Wednesday, October 23, 2013

Momentum Protection

Photo by Massachusetts Dept. of Environmental ProtectionOne of the things I worry about the most is being able to maintain a good set of habits once I do get myself into a mode of quashing my major vices and maintaining consistent progress in any area.

Personally, I don't think achieving success and completing goals are that hard. What's truly hard is setting oneself up in a kind of habitual momentum that presses one towards progress regardless of setbacks and obstacles, and then the task maintaining that momentum. Once that momentum is set, some of the hardest things can become shockingly manageable. 

For instance, intense and slowly completed weight-lifting exercises. (Called “super slow.”) They're incredibly difficult because the slow speed of the individual exercises matched with the discipline of form make this exercise style one of the most uncomfortable styles out there, and on the far end of a set, right when one is running out of strength, a dramatic amount of willpower is needed to maintain the pace and form, to stick it out until the end instead of given into the immense urge to give up. It's very difficult to perform any such workout like this, especially to maintain such incredible exertion it as a consistent habit.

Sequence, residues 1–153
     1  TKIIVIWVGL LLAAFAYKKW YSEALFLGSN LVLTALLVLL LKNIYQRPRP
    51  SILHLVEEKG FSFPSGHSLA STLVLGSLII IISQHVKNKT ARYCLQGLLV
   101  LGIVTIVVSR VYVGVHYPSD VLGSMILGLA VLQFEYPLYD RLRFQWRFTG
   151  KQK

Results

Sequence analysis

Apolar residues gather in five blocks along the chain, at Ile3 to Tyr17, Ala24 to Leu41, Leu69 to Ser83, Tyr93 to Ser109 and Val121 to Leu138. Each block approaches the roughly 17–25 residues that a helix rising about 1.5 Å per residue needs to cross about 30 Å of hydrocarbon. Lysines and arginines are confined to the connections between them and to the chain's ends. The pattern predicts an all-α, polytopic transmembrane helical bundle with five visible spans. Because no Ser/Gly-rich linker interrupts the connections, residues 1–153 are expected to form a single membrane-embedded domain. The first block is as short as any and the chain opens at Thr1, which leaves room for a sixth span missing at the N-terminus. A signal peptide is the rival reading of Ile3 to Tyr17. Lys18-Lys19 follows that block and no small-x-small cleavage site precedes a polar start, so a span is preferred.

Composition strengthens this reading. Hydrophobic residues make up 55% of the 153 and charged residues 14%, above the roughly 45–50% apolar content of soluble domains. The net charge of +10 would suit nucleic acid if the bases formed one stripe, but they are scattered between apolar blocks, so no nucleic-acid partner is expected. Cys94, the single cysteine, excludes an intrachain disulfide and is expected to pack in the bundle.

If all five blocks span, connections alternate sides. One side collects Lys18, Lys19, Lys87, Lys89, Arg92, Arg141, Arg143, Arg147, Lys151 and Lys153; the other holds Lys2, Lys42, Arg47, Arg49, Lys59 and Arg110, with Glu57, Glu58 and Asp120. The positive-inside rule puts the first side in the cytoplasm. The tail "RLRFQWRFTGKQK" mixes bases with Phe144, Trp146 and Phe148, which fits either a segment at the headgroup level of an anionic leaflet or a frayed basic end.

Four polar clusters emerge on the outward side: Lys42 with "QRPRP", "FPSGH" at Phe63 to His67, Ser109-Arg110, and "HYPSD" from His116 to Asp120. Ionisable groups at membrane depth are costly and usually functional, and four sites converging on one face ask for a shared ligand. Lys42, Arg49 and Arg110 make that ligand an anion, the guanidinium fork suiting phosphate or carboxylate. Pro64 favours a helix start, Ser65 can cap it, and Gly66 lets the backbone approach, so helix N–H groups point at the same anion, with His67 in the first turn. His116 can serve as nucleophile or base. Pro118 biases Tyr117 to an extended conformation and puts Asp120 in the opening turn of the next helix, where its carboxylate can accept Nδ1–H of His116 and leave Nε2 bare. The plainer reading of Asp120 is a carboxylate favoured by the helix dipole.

However, I've noticed that when performing these workouts in a period when I've got good momentum going – when I'm doing well to tend to virtuous habits and avoid my vices – the strength of my character transforms how these workouts feel. On the far end of a set, the most uncomfortable portion, my mind is absent of temptation to give up and my determination to finish with a new record actually goes through the roof, as if to emotionally rebel against the discomfort. In this state of momentum, I have never performed better at such difficult exercise and succeeded so well, all without the support of a trainer, too. 

It's highly desirable, of course, for all of us to maintain this kind of mindset when it comes to approaching the affairs of life, for if we can make a habit of it, then we're pretty much guaranteed to gain success one way or another, for in essence we're making a habit out of chasing and gaining progress without having to exert willpower to push against internal resistance.